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How Could I Say Goodbye to My Sweet Baby Girl?

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Today I woke up with a sick feeling in my stomach. It has been this way each morning for at least a week. I have known what’s coming and I am anything but prepared.

This week is packed full off anniversaries. Each one even worse than the one before it. And my heart just isn’t ready to face it all once again.

October 17, 2013 was the day I learned my daughter was going to die. After fighting beside her to save her life for 16 months, her long battle was going to end. There was nothing else that could be done.

I will never forget sitting in the family conference room of the oncology floor waiting for her shunt series MRI results. I was sitting alone in the room with Olivia asleep on my lap. Then in walked her oncologist, neurologist, primary nurse, nurse practitioner and the oncology social worker. My heart sank. I knew in that moment this meeting was different than any meeting we’d had before. Usually her oncologist delivered MRI results by himself.

Before the doctor could even sit down he said the words, “I am so sorry, but the results are not good. Olivia is going to die.” Olivia’s tumor had tripled in size in just three weeks.

I went into shock. I didn’t know what to say or how to react. It was like my heart was ripped right out of my chest.

Tears began to roll down my cheeks and I looked desperately at my daughter who was sleeping so peacefully. How could I say goodbye to the greatest love of my life? How would I continue to live without my daughter?

I listened as the doctor told me to go get Olivia’s dad and come back so we could talk about what happens now. That was when it hit me. No one else knew. I would also have the horrible task of telling Olivia’s dad and other family members she wasn’t going to make it.

The next hours and the days that followed were a blur. I felt like I was in a cloud. My mind wasn’t really processing anything. I couldn’t eat. I couldn’t drink. I just wanted to be by my girl.

Beginning that night Olivia slept in bed with me, tucked safely into my arm each night. And our days were spent on the couch with her nestled on my chest or between her dad and I. I was terrified to leave her for even a moment. What if I missed her last breath? I would never forgive myself.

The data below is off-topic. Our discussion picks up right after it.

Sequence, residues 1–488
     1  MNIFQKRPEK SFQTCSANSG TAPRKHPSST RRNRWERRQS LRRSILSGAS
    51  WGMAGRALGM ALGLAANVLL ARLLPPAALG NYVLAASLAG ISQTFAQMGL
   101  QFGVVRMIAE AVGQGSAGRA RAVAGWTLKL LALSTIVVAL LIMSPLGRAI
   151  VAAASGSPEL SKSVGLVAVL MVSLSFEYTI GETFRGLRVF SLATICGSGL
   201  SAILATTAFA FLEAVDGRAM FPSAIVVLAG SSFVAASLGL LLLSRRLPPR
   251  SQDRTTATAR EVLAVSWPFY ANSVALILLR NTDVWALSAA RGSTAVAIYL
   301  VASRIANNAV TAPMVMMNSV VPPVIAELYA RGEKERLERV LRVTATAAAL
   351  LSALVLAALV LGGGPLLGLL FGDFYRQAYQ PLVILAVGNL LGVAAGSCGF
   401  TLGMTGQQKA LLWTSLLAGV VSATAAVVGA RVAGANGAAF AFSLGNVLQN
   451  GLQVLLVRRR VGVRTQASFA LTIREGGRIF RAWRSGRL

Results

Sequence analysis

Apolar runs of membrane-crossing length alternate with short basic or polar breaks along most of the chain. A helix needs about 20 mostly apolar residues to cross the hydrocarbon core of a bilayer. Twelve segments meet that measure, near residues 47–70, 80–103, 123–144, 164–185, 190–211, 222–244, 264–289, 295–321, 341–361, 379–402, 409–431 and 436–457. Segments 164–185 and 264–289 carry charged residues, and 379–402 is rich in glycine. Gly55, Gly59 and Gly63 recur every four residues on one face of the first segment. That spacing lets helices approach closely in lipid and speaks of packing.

On October 21 around 7 p.m. Olivia’s breathing changed. She slipped into a deep sleep and her breathing became gravely and pained. That continued for almost exactly 24 hours.

And then on October 22, 2013 at 7:09 p.m. my daughter died in my arms. She was only 20-months-and-3-days old.

To say I miss her is a massive understatement. I am no longer whole. How can I be when I have to live without my only daughter?

Being Olivia’s mommy changed me forever. Loving her made me love deeper. But losing her also left me with a terrible anxiety and severe PTSD. Many days my stomach is in knots. I am easily overwhelmed. I have a big fear of losing more people I love.

Childhood cancer is a monster. It stole my daughter’s childhood, her innocence, her eyesight, the use of her right arm, and ultimately, it stole her life. I will never be the same.

Please remember my sweet Olivia. Light a candle. Wear purple. Or make a donation in her honor. I simply can’t believe it’s been four years since I got to hold her.

Until I see you again baby girl, I will love you and think of you every single day.

The Olivia Caldwell Foundation is a 501c3 nonprofit that raises money for pediatric cancer research in memory of Olivia Caldwell, who passed away at 20 months old in October 2013 from brain cancer. To date we have given $155,000 to pediatric cancer research. You can learn more and donate by visiting

This post was originally published on The Olivia Caldwell Foundation Blog.

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Getty Images photo via Nadezhda1906

Originally published: November 25, 2017
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